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Family of 6-year-old Virginia boy who shot first grade teacher says firearm 'was secured'

"Our heart goes out to our son’s teacher and we pray for her healing in the aftermath of such an unimaginable tragedy," the family said in a statement through their attorney.
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The family of the 6-year-old boy who shot a first-grade teacher in her classroom said the gun was secured at their home when the student took it.

Our family has always been committed to responsible gun ownership and keeping firearms out of the reach of children. The firearm our son accessed was secured,” the family said in a statement provided by their attorney, James Ellenson.

“Our heart goes out to our son’s teacher and we pray for her healing in the aftermath of such an unimaginable tragedy as she selflessly served our son and the children in the school. She has worked diligently and compassionately to support our family as we sought the best education and learning environment for our son. We thank her for her courage, grace and sacrifice. We grieve alongside all of the other teachers, families and administrators for how this horrific incident has impacted them, our community, and the nation."

Abigail Zwerner was critically wounded in the shooting Jan. 6 as she was teaching about 20 students at a Newport News, Virginia, school.

Zwerner released from the hospital this week, a spokesperson for Riverside Regional Medical Center said Thursday.

"She continues her recovery as an outpatient with the support of family, friends and health professionals," the spokesperson said.

Newport News Police Chief Steve Drew said the boy's mother legally bought the gun, which the boy took from his home. He said a key element in the investigation will be to determine whether the gun was properly secured. No charges have been announced.

The family said the child is disabled.

“Our son suffers from an acute disability and was under a care plan at the school that included his mother or father attending school with him and accompanying him to class every day. Additionally, our son has benefitted from an extensive community of care that also includes his grandparents working alongside us and other caregivers to ensure his needs and accommodations are met. The week of the shooting was the first week when we were not in class with him. We will regret our absence on this day for the rest of our lives.”

Since the shooting, the statement added, the boy has been in a hospital receiving the “treatment he needs.”

“We continue to pray for his teacher’s full recovery, and for her loved ones who are undoubtedly upset and concerned. At the same time, we love our son and are asking that you please include him and our family in your prayers,” the statement said.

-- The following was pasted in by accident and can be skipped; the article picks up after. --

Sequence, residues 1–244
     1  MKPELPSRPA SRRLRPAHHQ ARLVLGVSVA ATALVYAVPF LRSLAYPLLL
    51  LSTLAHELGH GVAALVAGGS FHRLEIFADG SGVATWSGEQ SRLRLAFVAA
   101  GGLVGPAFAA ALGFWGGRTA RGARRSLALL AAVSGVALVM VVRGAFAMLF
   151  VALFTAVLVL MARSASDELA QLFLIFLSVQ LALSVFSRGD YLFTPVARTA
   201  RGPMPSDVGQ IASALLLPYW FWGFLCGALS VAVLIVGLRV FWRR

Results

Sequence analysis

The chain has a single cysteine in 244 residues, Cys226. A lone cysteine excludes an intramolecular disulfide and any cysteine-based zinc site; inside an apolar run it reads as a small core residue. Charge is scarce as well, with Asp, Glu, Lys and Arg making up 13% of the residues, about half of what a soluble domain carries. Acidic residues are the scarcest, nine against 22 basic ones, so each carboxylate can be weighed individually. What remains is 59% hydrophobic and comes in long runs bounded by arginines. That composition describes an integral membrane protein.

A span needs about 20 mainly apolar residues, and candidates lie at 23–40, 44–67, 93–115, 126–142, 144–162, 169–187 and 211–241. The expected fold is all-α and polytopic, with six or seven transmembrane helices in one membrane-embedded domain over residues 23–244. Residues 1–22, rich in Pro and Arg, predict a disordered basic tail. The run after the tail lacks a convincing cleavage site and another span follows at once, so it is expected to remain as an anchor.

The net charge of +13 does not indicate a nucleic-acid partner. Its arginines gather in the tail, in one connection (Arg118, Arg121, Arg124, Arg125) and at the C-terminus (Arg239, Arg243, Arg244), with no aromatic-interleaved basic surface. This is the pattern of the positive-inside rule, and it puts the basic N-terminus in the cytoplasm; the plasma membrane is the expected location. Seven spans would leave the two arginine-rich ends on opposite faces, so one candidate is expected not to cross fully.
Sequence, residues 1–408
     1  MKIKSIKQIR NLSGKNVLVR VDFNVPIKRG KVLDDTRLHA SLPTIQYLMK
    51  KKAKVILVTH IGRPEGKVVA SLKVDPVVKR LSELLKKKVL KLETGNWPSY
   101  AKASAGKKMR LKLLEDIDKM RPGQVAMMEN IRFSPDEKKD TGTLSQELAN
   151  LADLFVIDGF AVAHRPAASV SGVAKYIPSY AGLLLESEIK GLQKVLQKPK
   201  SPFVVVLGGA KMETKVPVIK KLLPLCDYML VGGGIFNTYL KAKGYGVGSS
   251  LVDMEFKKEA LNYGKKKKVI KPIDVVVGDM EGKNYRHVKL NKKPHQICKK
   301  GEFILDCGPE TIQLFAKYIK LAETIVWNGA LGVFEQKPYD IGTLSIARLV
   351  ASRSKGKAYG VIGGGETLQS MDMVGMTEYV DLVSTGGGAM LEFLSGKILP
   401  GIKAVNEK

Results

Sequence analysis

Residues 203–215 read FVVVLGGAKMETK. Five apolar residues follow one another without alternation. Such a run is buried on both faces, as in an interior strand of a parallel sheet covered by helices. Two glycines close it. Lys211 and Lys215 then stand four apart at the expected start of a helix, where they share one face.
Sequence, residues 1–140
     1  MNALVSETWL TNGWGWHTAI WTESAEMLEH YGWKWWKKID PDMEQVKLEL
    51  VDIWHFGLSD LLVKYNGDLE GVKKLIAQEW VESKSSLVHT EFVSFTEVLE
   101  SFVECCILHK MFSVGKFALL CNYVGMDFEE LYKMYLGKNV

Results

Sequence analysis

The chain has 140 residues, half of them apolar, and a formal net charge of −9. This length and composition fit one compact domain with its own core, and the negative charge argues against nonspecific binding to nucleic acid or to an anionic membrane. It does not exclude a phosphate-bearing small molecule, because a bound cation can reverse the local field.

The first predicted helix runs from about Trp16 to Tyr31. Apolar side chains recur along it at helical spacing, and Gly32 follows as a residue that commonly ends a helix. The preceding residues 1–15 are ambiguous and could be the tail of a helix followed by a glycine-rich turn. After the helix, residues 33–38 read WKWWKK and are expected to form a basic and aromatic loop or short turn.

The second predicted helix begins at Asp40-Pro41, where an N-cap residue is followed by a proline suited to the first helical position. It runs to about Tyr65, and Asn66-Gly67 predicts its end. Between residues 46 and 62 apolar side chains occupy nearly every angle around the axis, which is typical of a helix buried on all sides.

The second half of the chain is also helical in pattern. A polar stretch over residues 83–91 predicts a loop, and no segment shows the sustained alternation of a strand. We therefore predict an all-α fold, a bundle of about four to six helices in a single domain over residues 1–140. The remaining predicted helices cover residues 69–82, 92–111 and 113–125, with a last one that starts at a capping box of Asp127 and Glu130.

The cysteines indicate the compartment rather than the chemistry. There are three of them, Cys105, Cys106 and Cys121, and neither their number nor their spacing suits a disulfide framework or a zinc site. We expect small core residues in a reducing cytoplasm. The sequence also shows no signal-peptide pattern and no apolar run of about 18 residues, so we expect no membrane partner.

The school system’s superintendent, George Parker III, said in a Jan. 12 virtual town hall that wasn’t public that the boy had gone to school late and that his book bag was inspected when he arrived at the office to sign in, according to parents who watched the meeting.

“At least one administrator was notified of a possible weapon,” Parker said in a video reviewed by NBC News.

Police tape hangs from a sign post outside Richneck Elementary School following a shooting on Jan. 7, 2023, in Newport News, Va.
Police tape hangs from a signpost outside Richneck Elementary School in Newport News, Va., on Jan. 7 after a shooting. Jay Paul / Getty Images file

A police spokeswoman said authorities also determined through their investigation that “a school employee was notified of a possible firearm at Richneck Elementary before the shooting occurred,” adding, “The Newport News Police Department was not notified of this information prior to the incident.”

Further details haven't been made available about who conducted the search, why the gun wasn’t found and whether the child’s clothing was physically examined.

A police representative cited the investigation Thursday in declining comment. The school district couldn't immediately be reached for comment.

At a raucous school board meeting Tuesday night, parents, teachers and students told the superintendent and board members that teachers weren't able to properly discipline problematic students.

Attendees also said the district has failed to properly protect students and staff members, saying there have been three incidents of gun violence on school properties in 17 months.

Before the shooting at Richneck, in September 2021, a 16-year-old fired several shots in a busy hallway at Heritage High School during lunchtime, injuring two 17-year-olds, NBC affiliate WAVY of Portsmouth reported.

The shooter was sentenced to 10 years in prison, according to the station.

Less than two months later, in December, Demari Batten, 18, fatally shot Justice Dunham, 17, in the parking lot of Menchville High School after a football game against Woodside High School, also in the Newport News Public Schools system, according to WAVY.

Quinn Chambers, 26, who has a son in kindergarten at Richneck, told NBC News at the school board meeting: "The district let us down. It's the parents job to raise the kids but the district's job to provide some sort of safety and security."

Richneck has been closed since the shooting.

District officials have said that when it reopens, it will be outfitted with a metal detector. The district has also secured funding for 90 state-of-the-art detectors that will be placed on every district campus, officials said.